Have you ever wonder about where your time has gone? Well, wonder no more: Rachota can help you.
Rachota is a time tracking software which I use only recently. Though I have used is for less than a week, I already feel the difference. Previously I often wonder at the end of the day: how can I do so few today? Where has all the time gone? Since there was no easy way to answer this I often ended up feeling unproductive without understanding what was really going on.
Enter Rachota. Rachota can track the time you spend on each task and give you good summary of how you use your days. It is light and easy to use. Using more than one computer? No problem. Rachota can run from USB drive. Oh, and it’s cross-platform too which means that you can run it on either Windows, Mac, or Linux.
Here are some simple steps to use Rachota:
- Make sure you have Java installed
Rachota is a Java application so you need to install Java Runtime Environment (JRE) first. If you haven’t had JRE, get one and install.
- Download Rachota
You can download Rachota from its website. Its size is only about 290 KB and it’s in the form of a Jar file (Java executable file). You don’t need to install it. You don’t even need to extract it. That one file is ready to use.
- Make shortcut
You may want to create a shortcut to it on the desktop to make it easy to access. This way you can quickly launch Rachota whenever you need it.
- Run Rachota
You can run Rachota by double-clicking it. This is what you see when you first run Rachota:
As you can see, there is a default task named Idle Time which automatically runs. As its name says, it tracks your idle time, which is the time you do not use to work on any other tasks.
- Create new tasks
To add new tasks, you can press the Add button. Enter the description of the task and press OK. You can also fill other details (such as priority), but I think the description alone is enough in most cases.
- Switch to task you are going to work on
If you decide to start working on a task, just double click it. Rachota will start tracking your time for that task.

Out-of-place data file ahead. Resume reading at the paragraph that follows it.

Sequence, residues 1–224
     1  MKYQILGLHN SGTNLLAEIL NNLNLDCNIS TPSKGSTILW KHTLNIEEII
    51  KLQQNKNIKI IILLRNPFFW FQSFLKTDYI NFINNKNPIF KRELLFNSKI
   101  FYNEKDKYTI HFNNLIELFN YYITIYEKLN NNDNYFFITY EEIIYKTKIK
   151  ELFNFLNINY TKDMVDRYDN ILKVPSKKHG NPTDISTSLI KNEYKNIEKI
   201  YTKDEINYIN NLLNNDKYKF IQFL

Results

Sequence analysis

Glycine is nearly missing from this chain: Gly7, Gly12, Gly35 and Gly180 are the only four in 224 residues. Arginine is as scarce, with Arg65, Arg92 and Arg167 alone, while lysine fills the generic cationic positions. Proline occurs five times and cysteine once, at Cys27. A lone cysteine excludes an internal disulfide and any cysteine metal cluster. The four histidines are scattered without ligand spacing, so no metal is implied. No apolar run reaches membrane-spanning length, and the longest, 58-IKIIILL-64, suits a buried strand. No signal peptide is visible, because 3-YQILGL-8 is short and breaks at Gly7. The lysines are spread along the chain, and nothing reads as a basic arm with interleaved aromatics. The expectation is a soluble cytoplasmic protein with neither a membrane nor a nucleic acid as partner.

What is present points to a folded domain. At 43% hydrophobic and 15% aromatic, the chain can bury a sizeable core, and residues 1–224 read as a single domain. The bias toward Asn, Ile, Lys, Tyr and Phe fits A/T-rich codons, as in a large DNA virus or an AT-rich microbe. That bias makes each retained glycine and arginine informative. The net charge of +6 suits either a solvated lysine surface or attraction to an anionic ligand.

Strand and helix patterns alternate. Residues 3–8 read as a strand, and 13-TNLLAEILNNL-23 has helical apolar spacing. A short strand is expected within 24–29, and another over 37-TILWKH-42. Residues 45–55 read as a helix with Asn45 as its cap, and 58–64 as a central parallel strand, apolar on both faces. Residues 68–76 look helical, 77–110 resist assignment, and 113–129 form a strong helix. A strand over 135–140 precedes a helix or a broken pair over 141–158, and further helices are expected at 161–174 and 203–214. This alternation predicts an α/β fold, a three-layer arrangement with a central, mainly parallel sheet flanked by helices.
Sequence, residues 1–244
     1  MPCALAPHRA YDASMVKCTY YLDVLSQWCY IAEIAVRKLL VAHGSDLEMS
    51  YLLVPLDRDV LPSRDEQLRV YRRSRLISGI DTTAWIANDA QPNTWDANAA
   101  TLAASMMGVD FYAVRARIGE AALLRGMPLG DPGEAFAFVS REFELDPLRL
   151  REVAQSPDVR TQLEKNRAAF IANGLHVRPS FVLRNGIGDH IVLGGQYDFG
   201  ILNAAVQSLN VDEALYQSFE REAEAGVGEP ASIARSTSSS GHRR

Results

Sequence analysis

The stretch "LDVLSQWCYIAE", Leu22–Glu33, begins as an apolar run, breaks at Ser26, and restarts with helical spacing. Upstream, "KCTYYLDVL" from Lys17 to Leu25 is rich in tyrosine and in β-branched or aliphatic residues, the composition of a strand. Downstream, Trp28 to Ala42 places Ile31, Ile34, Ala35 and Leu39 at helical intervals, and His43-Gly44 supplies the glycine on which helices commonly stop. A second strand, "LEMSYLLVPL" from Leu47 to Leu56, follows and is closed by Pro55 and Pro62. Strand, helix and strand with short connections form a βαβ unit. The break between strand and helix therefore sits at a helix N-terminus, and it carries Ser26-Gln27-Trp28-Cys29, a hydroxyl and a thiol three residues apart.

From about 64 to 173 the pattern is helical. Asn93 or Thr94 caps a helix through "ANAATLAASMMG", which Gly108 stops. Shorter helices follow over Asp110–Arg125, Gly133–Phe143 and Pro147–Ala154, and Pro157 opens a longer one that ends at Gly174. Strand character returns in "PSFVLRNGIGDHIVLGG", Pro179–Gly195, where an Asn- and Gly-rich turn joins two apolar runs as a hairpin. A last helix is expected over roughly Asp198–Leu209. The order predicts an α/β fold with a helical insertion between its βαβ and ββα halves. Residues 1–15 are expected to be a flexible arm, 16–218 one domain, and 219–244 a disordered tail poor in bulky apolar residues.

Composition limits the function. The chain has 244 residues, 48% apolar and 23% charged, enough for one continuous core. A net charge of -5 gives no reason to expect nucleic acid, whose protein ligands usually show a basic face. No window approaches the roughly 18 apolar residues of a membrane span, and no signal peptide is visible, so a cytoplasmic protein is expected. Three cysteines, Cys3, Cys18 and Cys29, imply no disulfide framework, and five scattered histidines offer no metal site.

When you want to take a break from the task you’re working on, press Relax. Rachota will stop tracking the duration of the task and automatically start tracking your idle time! I love it. This way I can easily figure out how much time I’ve spent on not doing.
- Move to another task
If you haven’t finish you current task but want to work on another task, simply double click that second task. Rachota will start tracking the time of the second task while pausing the first one.
If you have done a task, press Done. Be careful though. Once you press Done you cannot reactivate the timer for that task. So do it only if you are sure you will not go back to it later. Otherwise just press Relax (step 7) or double click another task (step 8).
- See where your time has gone
Now you can see where your time has gone. To do so, check Show finished task to display all tasks. In the table you can see all tasks with their corresponding duration. By clicking the Duration title bar you can sort the tasks by duration. This way you can easily see what tasks have consume your time the most.
- See historical data
You can also see data from other days by pressing the Previous and Next button. You can see how you did last week and compare it with today.
Even better, you can also see how you have done in one whole week through the History tab. There you can see the graph and the total duration of your tasks for that one week. You can navigate from week to week using the Previous and Next button. Cool!
It’s very easy to use Rachota. Of course, there are still other options you can tweak which are not covered here; you can experiment with them. But even the basic usage has been very useful for me.
Do you have anything to share about time tracking? I’ll be glad to hear from you.